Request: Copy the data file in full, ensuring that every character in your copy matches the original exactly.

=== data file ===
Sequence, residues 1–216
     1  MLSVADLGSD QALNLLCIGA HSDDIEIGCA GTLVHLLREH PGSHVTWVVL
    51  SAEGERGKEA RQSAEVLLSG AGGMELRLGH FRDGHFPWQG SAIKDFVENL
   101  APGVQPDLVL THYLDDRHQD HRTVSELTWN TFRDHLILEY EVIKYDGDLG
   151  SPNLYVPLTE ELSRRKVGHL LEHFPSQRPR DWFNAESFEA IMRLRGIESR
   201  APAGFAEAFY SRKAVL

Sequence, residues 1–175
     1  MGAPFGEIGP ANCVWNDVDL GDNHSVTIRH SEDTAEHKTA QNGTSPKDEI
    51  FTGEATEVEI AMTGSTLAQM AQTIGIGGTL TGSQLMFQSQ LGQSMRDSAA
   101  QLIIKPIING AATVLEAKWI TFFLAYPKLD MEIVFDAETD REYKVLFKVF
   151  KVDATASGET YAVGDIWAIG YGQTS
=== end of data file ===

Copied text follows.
Sequence, residues 1–216
     1  MLSVADLGSD QALNLLCIGA HSDDIEIGCA GTLVHLLREH PGSHVTWVVL
    51  SAEGERGKEA RQSAEVLLSG AGGMELRLGH FRDGHFPWQG SAIKDFVENL
   101  APGVQPDLVL THYLDDRHQD HRTVSELTWN TFRDHLILEY EVIKYDGDLG
   151  SPNLYVPLTE ELSRRKVGHL LEHFPSQRPR DWFNAESFEA IMRLRGIESR
   201  APAGFAEAFY SRKAVL

Sequence, residues 1–175
     1  MGAPFGEIGP ANCVWNDVDL GDNHSVTIRH SEDTAEHKTA QNGTSPKDEI
    51  FTGEATEVEI AMTGSTLAQM AQTIGIGGTL TGSQLMFQSQ LGQSMRDSAA
   101  QLIIKPIING AATVLEAKWI TFFLAYPKLD MEIVFDAETD REYKVLFKVF
   151  KVDATASGET YAVGDIWAIG YGQTS